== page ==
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In 2018, the global Access Control product market realized a growth of 8% reaching sales of $7.45Bn. This is an average growth across the world and we believe that some western countries have well exceeded this figure.
We forecast that it will grow by a CAGR of 7.5% / 8% to 2023 making sales of approximately $11Bn in that year. Demand will be driven by growth in IP Networking products, ACaaS, Biometric Readers and Identity Management. Integration with other Physical security systems and Building Automation Systems (BAS) is now an established part of the business and this is generating further growth.
Access Control is still a much smaller business than Video Surveillance and today is less price sensitive, but consolidation is creating a more competitive environment and with it comes the confidence to move forward and take up the challenge of embracing new technologies that will deliver better performing products necessary to continue cranking up demand.
However It has now come to a crossroads. Will Access Control now take the bold step of becoming “open” or just continue to ignore the issue? There have been some intriguing acquisitions during the last 2 years, such as HID Global’s acquisition of Mercury and together with the arrival of major Chinese manufacturers into the western access control market this could have a significant bearing on the move to open standards further changing the competitive landscape.
We are bullish about this business as it moves further into IP Networking and strengthens its relationship with biometrics and identity management. These trends are significant drivers that should maintain the growth momentum that has built up over the last 3 years but it will ultimately require open standards to be adopted.
If manufactures continue to be insular and proprietary it will not be good news for continued growth. Traditional proprietary systems mean limited options for the customer and restricted possibilities for integration and scalability.
Winning new business in this environment will be more competitive and will require continual product development, which is absolutely essential in order to maintain growth. Both HIKvision and Dahua, 2 leading Chinese Video suppliers, have recently entered the access control market in North America and Europe and we expect that they will cause disturbance through reducing profit margins. It is inevitable that the market will gradually become more open and competitive and the heritage real estate business will loose much of its protection. New opportunities will open up through the Internet of Things in Buildings, but this will require strategic alliances with companies within the Building Automation business.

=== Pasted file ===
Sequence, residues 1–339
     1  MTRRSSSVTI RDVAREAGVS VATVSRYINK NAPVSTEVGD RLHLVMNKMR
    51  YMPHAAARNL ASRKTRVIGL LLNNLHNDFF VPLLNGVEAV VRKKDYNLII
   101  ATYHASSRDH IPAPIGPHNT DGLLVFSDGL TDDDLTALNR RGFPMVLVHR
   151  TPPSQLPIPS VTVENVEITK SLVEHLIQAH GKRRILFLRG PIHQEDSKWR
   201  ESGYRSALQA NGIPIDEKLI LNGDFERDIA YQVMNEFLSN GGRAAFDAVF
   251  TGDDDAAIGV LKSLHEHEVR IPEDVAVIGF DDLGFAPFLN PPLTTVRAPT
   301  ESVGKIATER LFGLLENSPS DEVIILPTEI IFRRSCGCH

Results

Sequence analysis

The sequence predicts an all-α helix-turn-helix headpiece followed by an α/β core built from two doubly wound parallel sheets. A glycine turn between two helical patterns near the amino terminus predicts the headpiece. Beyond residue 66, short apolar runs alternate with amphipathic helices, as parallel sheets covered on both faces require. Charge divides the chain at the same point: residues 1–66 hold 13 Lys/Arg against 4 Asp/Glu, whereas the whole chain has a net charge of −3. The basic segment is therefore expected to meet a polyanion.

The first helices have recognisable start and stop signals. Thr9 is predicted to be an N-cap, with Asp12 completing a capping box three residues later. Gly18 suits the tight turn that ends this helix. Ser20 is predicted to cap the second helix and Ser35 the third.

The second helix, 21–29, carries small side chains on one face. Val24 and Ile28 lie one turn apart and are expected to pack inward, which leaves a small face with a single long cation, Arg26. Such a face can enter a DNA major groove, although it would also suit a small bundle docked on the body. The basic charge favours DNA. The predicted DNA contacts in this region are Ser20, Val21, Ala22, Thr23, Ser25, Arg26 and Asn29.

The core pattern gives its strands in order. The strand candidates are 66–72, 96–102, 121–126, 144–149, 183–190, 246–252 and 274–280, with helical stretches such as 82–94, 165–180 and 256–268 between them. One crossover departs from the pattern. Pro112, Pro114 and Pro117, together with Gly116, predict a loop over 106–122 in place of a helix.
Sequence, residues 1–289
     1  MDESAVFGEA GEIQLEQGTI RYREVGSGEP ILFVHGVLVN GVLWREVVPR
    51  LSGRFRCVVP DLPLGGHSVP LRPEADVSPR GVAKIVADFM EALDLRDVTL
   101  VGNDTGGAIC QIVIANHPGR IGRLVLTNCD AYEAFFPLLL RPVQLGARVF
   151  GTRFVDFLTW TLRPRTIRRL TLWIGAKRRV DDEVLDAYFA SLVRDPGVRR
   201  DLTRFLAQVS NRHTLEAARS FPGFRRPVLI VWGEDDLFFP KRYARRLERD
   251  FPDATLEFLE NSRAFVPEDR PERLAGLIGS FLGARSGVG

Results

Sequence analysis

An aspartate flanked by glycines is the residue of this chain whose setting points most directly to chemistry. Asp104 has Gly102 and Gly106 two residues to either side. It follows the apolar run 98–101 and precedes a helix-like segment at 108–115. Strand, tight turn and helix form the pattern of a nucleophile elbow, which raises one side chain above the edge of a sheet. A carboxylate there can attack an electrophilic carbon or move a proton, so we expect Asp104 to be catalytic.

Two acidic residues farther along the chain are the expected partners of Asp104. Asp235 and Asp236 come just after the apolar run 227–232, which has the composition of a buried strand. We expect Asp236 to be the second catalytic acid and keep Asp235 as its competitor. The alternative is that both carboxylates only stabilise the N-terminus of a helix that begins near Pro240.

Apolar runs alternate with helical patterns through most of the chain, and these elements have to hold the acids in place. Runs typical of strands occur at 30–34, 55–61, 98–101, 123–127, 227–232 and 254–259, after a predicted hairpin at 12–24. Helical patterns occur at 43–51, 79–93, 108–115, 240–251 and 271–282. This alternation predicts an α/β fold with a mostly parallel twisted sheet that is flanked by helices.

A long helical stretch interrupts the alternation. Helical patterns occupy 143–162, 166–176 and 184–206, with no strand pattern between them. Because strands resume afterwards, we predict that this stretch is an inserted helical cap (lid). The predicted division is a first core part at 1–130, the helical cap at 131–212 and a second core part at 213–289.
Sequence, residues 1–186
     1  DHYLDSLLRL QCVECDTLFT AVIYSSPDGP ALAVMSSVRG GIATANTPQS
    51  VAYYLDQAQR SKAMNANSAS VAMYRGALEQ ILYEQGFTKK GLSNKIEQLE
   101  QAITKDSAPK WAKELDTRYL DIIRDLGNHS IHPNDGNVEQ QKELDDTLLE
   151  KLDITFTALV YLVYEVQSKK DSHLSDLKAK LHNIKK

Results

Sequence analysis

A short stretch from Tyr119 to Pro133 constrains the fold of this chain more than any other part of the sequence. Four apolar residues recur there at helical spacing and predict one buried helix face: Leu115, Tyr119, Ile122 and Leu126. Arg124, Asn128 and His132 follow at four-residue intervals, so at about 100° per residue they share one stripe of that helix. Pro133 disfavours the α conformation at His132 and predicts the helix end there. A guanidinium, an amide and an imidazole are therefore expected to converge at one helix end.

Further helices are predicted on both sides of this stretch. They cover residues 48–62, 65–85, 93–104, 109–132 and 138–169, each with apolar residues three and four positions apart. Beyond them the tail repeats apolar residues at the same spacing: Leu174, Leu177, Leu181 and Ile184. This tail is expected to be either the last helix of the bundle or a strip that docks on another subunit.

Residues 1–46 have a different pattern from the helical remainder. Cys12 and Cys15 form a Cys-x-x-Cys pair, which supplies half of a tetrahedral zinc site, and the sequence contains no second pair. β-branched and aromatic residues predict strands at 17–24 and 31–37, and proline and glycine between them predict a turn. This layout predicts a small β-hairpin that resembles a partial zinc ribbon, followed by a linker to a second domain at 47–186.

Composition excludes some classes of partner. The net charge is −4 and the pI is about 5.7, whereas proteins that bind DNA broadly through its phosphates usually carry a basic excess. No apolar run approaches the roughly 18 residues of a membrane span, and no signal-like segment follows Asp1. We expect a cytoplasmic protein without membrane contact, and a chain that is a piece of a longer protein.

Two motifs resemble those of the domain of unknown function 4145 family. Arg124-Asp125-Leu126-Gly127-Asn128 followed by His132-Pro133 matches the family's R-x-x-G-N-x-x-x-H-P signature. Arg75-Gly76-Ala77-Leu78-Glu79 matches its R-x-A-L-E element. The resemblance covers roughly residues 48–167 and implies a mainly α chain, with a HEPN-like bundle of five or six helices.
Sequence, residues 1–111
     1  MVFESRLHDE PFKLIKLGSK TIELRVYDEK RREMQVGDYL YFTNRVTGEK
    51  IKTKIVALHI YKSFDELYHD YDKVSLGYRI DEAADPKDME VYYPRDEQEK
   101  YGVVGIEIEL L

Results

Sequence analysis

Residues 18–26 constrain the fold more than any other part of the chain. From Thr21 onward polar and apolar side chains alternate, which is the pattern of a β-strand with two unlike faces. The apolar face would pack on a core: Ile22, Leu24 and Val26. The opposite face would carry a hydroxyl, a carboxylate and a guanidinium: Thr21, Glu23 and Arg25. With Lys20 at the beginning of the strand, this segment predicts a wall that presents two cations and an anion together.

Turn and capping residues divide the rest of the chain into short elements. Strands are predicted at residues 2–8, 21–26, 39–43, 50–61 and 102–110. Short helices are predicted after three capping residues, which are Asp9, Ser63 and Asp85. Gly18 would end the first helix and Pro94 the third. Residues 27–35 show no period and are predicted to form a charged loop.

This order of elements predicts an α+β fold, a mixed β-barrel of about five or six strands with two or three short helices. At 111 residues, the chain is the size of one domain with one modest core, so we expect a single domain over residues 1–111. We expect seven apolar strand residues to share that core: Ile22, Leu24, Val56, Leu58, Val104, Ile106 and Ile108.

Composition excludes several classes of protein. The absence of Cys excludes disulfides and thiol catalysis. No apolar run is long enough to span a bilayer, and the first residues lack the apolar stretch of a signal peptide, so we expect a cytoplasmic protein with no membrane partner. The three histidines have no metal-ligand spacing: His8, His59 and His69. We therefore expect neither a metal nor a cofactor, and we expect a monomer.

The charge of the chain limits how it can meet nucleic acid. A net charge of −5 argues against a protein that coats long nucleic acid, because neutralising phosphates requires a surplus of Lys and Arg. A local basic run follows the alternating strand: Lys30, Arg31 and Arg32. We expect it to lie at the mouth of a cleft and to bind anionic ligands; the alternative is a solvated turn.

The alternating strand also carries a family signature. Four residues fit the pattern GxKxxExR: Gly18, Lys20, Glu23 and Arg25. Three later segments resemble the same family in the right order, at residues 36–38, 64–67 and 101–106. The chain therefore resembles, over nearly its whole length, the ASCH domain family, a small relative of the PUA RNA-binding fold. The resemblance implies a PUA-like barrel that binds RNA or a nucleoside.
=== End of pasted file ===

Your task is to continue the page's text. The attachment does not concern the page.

It has taken Access Controls companies some 16 years to take full advantage of the transition to TCP/IP based systems. This is despite the fact that the first IP reader was introduced in 1999 by Isonas Security Systems Inc. HID Global, one of the major manufacturers in the access control reader and card business today followed the move into network-based security systems 8 years later, with the introduction of the Edge IP reader family. Whilst IP Network systems are mainstream today there is still major growth opportunities to retrofit existing non IP systems.
In fact, a common, standardized digital environment has the potential to create countless opportunities to integrate other systems such as intrusion detection, fire detection, and so on, into uniform manageable and user-friendly systems. There are a number of systems on the market that can deliver this but the vast majority are proprietary.
Access Control has gradually over the last 15 years moved from just controlling access through doors to identity management, HR enterprise and location services establishing where people are and giving permission to enter different parts of the building. More important information can be gleaned through the integration with Video Surveillance and other services in buildings. This can improve building and staff efficiencies bringing down operating costs and improving the ROI.
Strategic acquisitions are having a major impact on the competitive landscape of the Access Control business, particularly in the area of integrating with identity management. This has been an important factor in a number of major acquisitions of Access Control companies over the last few years. Since as early as 2011 some of the largest acquisitions were in this area, with HID Global, 3M and Hewlett Packard making acquisitions. This trend has continued over the last 6 years and we expect into the future.
In 2015 acquisitions of Access Control companies recorded the second highest share by volume in the physical security industry at 21.6% and value at 36% well exceeding its volume of 11.5% in 2014. In the last three years there have been some notable acquisitions including HID Global’s acquisition of Mercury Security, Gemalto acquired 3M’s identity management business and Gemalto being acquired by Thales.
The growth in Managed Access, or Access Control as a Service (ACaaS) has disappointed since it was first introduced some 10 years ago. However in the last 3 years it has moved ahead and its level of penetration is now larger than that in Video surveillance as a Service (VSaaS). The main reason for this is that it needs less bandwidth but also System Integrators today are much keener to promote their Access Control business and all that goes with it.
Investment capital continues to flow into the ACaaS business and companies such as Brivo acquired 3 years ago are showing sustained growth and more companies are offering this service, all confirming that there is good reason to believe demand will continue to rapidly grow. Future growth looks sound and we can expect that there will be further consolidation in the business over the next 5 years.